On Monday, a federal jury awarded a White former Starbucks manager with $25 million after she successfully convinced them that she had been fired by the coffee chain due to her race.
As the New York Post reports, Shannon Phillips previously oversaw several locations in New Jersey and Pennsylvania, as a regional manager who had been with the company for 13 years. Her lawsuit stems from a 2018 incident in which two black men attempted to use the restroom of a Philadelphia Starbucks, and were denied due to not being paying customers. When the men subsequently refused to leave, the police were called and the men were arrested and forced off the property.
Following the incident, protests began surrounding the Philadelphia location and other Starbucks locations across the country, falsely accusing the chain of racism due to the men being black. The company ultimately relented, temporarily closing down over 8,000 locations so that all employees could undergo nationwide “anti-bias training.” Eventually, the charges against the two men were dropped, and they reached undisclosed settlements with both Starbucks and the city of Philadelphia.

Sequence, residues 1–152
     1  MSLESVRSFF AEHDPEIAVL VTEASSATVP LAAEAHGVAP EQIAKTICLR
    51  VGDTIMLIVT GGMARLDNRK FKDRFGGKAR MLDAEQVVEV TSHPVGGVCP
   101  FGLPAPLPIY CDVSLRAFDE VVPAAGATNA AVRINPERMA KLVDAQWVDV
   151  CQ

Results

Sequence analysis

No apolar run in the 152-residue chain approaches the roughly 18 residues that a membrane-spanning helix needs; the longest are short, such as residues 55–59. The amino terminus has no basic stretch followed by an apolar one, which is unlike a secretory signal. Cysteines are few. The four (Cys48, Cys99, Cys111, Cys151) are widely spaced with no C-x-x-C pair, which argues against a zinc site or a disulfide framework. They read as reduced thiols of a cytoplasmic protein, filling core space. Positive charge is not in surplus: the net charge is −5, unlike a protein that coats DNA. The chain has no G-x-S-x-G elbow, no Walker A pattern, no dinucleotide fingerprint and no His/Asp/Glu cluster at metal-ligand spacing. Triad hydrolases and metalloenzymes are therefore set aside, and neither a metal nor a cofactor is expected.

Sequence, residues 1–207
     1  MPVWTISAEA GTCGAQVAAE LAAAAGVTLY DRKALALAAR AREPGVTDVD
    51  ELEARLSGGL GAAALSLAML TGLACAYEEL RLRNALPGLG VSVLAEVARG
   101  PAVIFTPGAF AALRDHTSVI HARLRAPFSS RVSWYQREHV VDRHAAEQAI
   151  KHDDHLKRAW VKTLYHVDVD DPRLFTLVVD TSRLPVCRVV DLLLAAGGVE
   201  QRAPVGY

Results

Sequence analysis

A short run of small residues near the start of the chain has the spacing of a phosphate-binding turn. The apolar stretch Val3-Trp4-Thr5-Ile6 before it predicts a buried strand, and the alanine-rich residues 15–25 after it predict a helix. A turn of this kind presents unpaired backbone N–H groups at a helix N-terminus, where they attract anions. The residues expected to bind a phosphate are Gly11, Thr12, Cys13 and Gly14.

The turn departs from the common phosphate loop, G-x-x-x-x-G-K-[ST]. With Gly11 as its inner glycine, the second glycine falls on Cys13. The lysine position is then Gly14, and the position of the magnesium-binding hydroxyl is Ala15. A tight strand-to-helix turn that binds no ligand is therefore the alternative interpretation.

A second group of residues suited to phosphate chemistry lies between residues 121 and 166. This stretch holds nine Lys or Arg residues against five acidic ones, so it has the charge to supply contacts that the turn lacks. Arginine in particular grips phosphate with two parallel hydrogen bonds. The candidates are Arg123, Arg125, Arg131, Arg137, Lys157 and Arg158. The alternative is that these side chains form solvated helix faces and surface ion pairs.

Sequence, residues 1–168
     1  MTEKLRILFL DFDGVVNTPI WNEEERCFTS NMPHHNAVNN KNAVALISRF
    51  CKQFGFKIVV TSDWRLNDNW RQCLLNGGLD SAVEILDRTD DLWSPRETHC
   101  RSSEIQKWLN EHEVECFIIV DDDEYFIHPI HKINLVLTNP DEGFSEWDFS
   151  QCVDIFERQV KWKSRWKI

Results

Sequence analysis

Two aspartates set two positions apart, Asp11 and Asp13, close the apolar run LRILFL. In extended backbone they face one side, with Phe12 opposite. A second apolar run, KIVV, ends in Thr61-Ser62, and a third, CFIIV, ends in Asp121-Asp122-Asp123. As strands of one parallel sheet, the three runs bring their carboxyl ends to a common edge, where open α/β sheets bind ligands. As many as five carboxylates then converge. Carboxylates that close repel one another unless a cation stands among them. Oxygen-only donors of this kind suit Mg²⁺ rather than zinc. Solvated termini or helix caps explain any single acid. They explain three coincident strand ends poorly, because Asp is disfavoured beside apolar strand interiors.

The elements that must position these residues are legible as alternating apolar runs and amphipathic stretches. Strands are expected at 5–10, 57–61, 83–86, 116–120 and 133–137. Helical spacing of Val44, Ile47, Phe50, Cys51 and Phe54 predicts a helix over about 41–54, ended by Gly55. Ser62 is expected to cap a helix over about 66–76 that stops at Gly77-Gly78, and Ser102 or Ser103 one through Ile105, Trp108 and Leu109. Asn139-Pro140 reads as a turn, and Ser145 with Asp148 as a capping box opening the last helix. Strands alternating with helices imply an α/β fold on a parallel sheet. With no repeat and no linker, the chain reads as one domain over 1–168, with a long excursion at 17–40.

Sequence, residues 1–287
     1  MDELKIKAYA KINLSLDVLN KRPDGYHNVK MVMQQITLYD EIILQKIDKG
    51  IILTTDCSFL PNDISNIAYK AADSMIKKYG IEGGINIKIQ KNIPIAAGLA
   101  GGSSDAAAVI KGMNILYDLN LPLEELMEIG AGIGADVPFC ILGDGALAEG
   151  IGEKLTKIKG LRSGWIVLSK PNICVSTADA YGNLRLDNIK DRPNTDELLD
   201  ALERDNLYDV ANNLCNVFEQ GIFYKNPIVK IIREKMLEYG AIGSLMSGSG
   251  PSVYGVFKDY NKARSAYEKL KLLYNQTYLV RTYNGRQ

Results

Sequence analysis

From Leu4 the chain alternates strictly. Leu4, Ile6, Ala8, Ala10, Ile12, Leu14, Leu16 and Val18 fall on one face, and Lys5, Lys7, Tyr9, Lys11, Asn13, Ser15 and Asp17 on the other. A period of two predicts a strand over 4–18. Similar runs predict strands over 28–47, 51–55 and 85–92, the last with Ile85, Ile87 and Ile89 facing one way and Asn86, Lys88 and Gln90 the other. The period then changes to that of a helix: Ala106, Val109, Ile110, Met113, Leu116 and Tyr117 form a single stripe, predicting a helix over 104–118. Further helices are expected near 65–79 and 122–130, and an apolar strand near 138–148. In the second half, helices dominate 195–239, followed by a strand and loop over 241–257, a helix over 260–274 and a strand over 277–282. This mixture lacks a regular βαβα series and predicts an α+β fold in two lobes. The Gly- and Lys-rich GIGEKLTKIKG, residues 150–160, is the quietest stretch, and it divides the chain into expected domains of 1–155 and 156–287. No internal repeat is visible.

Phillips was fired a month after the incident, despite the fact that the manager of the Philadelphia location in question, who is black, was not fired. In the trial, Phillips’ attorney Laura Mattiacci argued that this double-standard was proof that Phillips was fired because she was White, which constituted a violation of her civil rights. Phillips herself stated that she had nothing to do with the arrests, but was nonetheless used as a “scapegoat” by the company to pander to racial activists.
The jury awarded Phillips with $25.6 million in compensation and punitive damages. The trial lasted for six days. Phillips also plans to seek back pay from the company.